This was my speculation but I haven't come across studies which try to assess the relative abundance of these two carbonate polymorphs across any one platform and sequence history. Maybe no one is interested but a more practical reason is the extreme difficulty in identifying and quantifying ancient marine cements.

Both aragonite and Mg calcite are unstable in fresh water. Sooner or later carbonate sequences are exposed to meteoric diagenesis and these two carbonate polymorphs are altered to low Mg calcite. The change is often fabric disruptive, meaning even the original distinct morphology of marine cements - acicular, bladed, elongated - is lost.

This is where a second study reported in the latest issue of Sedimentology gives hope to researchers interested in understanding ancient marine cement distributions. This piece of research compares the rare earth element (REE) composition of unaltered aragonite coral skeletons with the REE composition of their altered counterpart i.e. low Mg calcite in the same reef. So what has happened is that a Pleistocene reef has been incompletely altered to low Mg calcite giving researchers an opportunity of understanding how REE composition changes as aragonite alters to calcite.

And they find that unlike minor elements like Sr, Ba, U which are lost from the aragonite lattice and are not incorporated in the newly forming calcite, the REE are conservative and are retained in almost the same proportions in the new diagenetic calcite as they existed in the precursor aragonite.

The study does not include original high Mg calcite so what has this to do with trying to quantify ancient ratios of aragonite to high Mg calcite in carbonate sequence?

I would be willing to put up a small wager that there is a systematic difference in the amount of REE the aragonite lattice can incorporate versus what a high Mg calcite lattice can. Aragonite is orthorhomic and generally accepts more easily large ions (ion size similar or larger than Calcium) like the REE in its lattice. Calcite cannot readily accept such large ion sizes in its trigonal lattice. Since the original REE distribution may be preserved in later diagenetic products, it may just be possible to tease out the original relative proportions of aragonite vs high Mg calcite cements in ancient sequences.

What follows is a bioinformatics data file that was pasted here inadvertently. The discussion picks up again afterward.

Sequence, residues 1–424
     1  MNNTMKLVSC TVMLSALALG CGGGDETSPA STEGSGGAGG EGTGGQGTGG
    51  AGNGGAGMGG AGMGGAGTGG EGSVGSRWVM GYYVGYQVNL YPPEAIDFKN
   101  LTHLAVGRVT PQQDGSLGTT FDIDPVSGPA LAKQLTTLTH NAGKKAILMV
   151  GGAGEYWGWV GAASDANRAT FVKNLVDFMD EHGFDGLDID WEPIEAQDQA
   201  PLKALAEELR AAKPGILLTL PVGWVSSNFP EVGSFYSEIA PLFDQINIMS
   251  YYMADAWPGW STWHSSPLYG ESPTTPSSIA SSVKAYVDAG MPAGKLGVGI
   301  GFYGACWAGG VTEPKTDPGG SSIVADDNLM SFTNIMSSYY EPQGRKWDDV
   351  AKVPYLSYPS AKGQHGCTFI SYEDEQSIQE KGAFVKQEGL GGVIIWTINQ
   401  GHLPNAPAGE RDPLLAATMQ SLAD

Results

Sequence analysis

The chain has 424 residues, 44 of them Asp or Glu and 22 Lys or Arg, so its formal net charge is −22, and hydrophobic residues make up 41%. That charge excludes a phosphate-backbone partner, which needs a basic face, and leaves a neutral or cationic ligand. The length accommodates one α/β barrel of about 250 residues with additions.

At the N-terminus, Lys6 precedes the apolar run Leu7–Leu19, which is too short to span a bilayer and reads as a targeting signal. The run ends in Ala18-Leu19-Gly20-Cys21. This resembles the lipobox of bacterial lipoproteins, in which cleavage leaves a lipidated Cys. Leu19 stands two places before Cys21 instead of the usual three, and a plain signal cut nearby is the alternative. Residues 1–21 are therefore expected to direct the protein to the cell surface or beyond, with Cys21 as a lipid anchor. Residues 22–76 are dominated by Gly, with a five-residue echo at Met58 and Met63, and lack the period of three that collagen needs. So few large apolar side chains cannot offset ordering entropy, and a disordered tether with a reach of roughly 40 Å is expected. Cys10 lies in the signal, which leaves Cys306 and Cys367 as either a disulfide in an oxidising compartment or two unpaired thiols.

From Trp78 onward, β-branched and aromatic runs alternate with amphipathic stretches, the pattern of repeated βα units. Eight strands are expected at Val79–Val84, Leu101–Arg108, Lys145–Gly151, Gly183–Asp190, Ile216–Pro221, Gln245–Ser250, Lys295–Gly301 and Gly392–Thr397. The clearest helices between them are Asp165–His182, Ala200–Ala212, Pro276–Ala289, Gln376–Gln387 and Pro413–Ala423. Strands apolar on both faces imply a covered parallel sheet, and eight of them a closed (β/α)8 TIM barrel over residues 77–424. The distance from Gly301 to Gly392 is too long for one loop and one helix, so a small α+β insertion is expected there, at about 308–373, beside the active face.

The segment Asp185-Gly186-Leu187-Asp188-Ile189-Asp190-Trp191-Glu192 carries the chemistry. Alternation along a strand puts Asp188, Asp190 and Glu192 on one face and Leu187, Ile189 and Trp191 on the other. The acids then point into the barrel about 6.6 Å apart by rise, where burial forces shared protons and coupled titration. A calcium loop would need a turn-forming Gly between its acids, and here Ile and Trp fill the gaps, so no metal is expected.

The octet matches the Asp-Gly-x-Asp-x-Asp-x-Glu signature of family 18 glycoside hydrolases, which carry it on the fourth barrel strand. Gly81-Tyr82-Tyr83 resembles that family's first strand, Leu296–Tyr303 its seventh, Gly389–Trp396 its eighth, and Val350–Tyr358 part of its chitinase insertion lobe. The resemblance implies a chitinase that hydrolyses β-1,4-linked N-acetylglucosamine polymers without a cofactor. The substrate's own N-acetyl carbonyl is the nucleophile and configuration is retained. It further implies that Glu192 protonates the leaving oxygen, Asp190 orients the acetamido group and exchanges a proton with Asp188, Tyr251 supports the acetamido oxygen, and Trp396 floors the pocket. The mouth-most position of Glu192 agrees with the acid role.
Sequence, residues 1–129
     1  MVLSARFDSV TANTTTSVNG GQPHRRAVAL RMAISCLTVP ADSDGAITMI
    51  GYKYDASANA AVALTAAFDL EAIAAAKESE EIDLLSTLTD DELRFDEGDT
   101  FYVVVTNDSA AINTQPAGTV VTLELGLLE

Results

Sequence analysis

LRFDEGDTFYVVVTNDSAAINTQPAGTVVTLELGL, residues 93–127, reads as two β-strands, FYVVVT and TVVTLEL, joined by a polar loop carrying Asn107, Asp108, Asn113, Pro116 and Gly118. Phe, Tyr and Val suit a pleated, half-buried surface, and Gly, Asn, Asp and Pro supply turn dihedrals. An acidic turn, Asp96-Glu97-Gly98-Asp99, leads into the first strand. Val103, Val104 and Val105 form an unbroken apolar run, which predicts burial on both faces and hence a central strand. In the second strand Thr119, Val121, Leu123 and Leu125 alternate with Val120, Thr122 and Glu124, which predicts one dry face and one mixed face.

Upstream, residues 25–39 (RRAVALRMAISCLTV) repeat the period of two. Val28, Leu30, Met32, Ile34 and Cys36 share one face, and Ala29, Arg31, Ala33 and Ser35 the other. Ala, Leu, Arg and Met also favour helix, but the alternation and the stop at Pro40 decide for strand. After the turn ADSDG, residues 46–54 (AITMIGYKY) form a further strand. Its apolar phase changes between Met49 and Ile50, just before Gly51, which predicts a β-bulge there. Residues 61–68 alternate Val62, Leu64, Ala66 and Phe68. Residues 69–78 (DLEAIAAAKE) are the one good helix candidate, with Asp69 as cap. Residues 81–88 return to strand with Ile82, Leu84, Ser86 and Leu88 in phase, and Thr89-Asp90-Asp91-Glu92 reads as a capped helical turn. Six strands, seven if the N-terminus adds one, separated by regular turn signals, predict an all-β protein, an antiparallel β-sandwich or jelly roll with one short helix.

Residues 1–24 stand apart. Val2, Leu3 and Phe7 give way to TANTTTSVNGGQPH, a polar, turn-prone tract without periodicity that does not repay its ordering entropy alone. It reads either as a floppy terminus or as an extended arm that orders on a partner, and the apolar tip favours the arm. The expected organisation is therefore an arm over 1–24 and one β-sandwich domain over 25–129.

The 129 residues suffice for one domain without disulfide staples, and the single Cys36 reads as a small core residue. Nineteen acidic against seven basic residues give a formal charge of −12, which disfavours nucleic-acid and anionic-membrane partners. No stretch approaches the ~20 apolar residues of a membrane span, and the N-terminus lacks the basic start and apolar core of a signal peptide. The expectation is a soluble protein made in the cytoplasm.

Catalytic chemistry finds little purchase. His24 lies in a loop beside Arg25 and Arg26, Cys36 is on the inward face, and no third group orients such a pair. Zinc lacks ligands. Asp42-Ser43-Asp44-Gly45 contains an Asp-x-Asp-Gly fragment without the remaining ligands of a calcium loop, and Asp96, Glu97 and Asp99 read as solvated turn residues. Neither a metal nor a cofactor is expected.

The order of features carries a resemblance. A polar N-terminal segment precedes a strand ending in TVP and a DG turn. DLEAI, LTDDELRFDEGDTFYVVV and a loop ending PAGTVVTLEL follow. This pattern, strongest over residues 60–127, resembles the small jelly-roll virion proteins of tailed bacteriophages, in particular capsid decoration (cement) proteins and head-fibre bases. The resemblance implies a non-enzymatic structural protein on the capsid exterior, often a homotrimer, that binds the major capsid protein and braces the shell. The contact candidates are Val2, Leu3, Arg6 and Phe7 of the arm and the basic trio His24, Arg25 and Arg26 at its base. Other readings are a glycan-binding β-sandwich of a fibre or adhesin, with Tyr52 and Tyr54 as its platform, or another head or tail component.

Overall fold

As an aside the use of rare earth element geochemistry has a long tradition in sedimentary geology, but it has been used in clastic sedimentary geology for provenance analysis much before its use in diagenetic studies. REE patterns in crustal rocks from different tectonic provinces are distinct. So mature craton versus forearc versus recycled orogen may be differentiated by REE composition of their detritus. Their use in carbonate diagenesis is a relatively recent development and given the complicated diagenetic histories of ancient carbonates, a very welcome addition to the carbonate geologists toolkit.


  1. I very much like your ideas here. I tried accessing the article but discovered that the journal is not on my universities subscriptions.

  2. lost geologist- I'm surprised. both Jour. Sed Research and Sedimentology are among the top sed geology journals...?

  3. JSR is completely not-present in our uni's online subscriptions (much to may dismay) and Sedimentology can only be access in the older articles. Anything from 2008 I can access, the stuff from 2009 I need to wait till 2010 to access it. Sedimentology is in our print libary though. JSR we also have in print. But who goes to the libary for quickly checking a single article if it might be worth reading? (It's a 1 to 2 hour travel from my place).

  4. that's a tough situation to be in!